In closing, Human stated that there are 100 million consumers worldwide who have switched from combustible cigarettes to noncombustible nicotine alternatives, and now is the time to accelerate, transform and modernize tobacco control by injecting HRS, ensuring that affordable, accessible and acceptable alternatives can make a contribution.
Following his remarks, Human moderated a panel discussion titled “Using the FCTC to Accelerate Tobacco Harm Reduction” that included the following panelists: Grant Churchill, tutor in medicine at New College Oxford and associate professor in chemical pharmacology at the University of Oxford; Ehsan Latif, senior vice president of grants management and health and science strategy at the Foundation for a Smoke-Free World; Mihaela Raescu, professor in the faculty of dental medicine at Titu Maiorescu University in Bucharest; and Heino Stoever, social scientist and professor of social scientific addiction research at the Frankfurt University of Applied Sciences in Germany.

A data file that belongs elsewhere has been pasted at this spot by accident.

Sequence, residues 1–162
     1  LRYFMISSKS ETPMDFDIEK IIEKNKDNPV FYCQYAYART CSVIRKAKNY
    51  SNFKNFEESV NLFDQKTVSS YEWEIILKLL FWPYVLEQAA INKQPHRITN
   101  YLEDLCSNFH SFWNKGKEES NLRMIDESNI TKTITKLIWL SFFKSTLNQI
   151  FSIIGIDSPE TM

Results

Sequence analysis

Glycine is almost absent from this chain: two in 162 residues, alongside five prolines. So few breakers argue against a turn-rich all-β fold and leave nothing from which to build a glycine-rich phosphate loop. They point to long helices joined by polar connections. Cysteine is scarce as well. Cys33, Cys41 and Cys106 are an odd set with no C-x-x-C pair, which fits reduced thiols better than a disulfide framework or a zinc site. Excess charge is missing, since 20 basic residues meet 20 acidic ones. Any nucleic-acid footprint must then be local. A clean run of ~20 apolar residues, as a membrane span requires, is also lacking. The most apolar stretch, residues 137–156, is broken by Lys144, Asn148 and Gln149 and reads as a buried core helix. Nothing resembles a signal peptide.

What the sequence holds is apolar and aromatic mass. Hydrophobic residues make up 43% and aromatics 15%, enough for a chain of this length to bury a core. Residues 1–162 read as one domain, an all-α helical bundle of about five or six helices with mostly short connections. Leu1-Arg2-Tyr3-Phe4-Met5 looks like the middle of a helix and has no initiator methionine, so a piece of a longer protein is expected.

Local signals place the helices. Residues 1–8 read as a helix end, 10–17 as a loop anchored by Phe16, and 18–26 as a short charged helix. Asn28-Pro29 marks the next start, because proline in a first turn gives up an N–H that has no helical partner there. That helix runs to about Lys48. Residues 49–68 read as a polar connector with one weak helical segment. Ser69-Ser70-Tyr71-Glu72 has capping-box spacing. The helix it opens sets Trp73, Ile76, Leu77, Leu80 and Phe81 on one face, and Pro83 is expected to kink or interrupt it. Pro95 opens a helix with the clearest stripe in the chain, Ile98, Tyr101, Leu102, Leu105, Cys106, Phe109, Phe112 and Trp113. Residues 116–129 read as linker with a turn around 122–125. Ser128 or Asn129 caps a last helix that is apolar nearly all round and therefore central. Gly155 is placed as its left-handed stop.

Human referenced the positive work done around the work in the harm reduction space, specifically citing Sweden, the U.K. and Japan as world-leading in this field. He spoke of Sweden’s incredibly low smoking rates with only 5.6 percent of the population using combustible tobacco.
He explained that the success seen in these countries needs to be examined in greater detail to highlight why vapes in the U.K., snus in Sweden and heated tobacco in Japan are increasing in popularity.
Human then detailed how several of his patients have seen remarkable improvements in their taste, smell and respiration since switching from combustible tobacco to RRPs in only two weeks.